November 7, 2012
Mobile devices provide professionals with the ability to collaborate on projects with co-workers and complete assignments from anywhere. Although using smartphones or tablets to conduct business offers employees multiple benefits, there has been a rise in the number of cybercriminals targeting mobile devices. People must take preventative measures to protect confidential information from hackers.
Some applications vulnerable to phishing schemes
According to Threat Post, a researcher at the North Carolina State University has uncovered a new vulnerability in some devices that are made by the Android Open-Source Project - the group that develops many of the phones. Xuxian Jiang found that malicious applications may send SMS messages without authorization. The source reported that hackers are not currently exploiting this vulnerability, however, it may be easy for cybercriminals to build a similar version of the malware.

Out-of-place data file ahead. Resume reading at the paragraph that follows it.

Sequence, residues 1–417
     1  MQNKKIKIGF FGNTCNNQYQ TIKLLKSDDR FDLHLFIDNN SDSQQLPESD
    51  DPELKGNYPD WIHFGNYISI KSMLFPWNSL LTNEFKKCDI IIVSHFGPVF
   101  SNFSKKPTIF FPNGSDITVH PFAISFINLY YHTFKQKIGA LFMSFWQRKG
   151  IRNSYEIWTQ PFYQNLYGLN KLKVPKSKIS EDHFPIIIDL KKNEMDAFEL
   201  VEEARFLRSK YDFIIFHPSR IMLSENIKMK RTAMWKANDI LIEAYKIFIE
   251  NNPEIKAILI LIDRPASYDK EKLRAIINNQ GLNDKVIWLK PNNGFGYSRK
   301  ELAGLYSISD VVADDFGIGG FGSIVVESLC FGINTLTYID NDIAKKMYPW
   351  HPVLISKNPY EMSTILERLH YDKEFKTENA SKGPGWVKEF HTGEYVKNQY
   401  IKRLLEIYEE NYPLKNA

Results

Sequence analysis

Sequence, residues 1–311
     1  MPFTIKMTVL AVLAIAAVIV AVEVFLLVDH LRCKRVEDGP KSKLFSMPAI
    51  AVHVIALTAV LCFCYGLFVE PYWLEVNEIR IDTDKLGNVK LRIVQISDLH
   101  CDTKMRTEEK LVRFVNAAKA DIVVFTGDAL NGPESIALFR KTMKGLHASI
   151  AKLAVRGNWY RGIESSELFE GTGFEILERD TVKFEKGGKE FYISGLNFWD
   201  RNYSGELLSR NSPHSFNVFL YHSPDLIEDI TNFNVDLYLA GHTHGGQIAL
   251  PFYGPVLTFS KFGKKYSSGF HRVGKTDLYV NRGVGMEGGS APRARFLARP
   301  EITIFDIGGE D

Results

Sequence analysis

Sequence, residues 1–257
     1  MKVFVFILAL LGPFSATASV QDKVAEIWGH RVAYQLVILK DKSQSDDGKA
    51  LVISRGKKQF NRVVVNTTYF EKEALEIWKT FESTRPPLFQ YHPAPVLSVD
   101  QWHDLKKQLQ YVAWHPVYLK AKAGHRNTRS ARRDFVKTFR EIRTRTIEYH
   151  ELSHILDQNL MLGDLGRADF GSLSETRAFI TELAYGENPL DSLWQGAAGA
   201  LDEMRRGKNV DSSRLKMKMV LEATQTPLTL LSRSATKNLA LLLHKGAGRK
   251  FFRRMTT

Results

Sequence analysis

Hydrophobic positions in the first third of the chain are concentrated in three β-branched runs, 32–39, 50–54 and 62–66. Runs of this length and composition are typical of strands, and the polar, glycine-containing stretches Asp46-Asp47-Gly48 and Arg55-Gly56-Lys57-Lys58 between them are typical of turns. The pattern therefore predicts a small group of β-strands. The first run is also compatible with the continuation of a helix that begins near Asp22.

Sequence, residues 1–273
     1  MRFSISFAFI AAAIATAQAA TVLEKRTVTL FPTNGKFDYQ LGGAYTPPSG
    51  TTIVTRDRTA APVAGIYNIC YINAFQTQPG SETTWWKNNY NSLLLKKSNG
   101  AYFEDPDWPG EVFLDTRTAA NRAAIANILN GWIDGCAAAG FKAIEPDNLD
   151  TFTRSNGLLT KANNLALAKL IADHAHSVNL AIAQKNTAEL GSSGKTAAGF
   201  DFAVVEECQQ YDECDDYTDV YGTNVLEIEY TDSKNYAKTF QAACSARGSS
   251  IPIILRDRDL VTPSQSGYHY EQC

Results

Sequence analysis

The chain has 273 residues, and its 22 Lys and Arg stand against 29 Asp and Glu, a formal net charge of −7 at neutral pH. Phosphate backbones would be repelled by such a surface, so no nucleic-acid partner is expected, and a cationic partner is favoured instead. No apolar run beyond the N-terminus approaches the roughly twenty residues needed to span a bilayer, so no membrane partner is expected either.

Jiang said that the vulnerability cannot leak information from personal devices, but it can allow for hackers to send phishing attacks. Because the threat does not need users to agree to permissions, a cybercriminal can make it seem as if a contact from the victim's address book sent a message asking for personal information, according to the source.
A leading security firm said that 200 applications in the Google Play store are able to send SMS phishing messages if a hacker exploits the vulnerability, Computerworld reported. Google is currently working on a patch to fix this issue.
Ways to protect personal files
Android users should take preventative measures to block cybercriminal attempts. Before installing an application, consumers should read reviews and note the number of downloads to determine if it is safe. They should also be wary of any texts that ask for personal data. Experts recommend employing strong passwords and installing network security software that scan mobile devices for threats.
-McAfee Cloud Security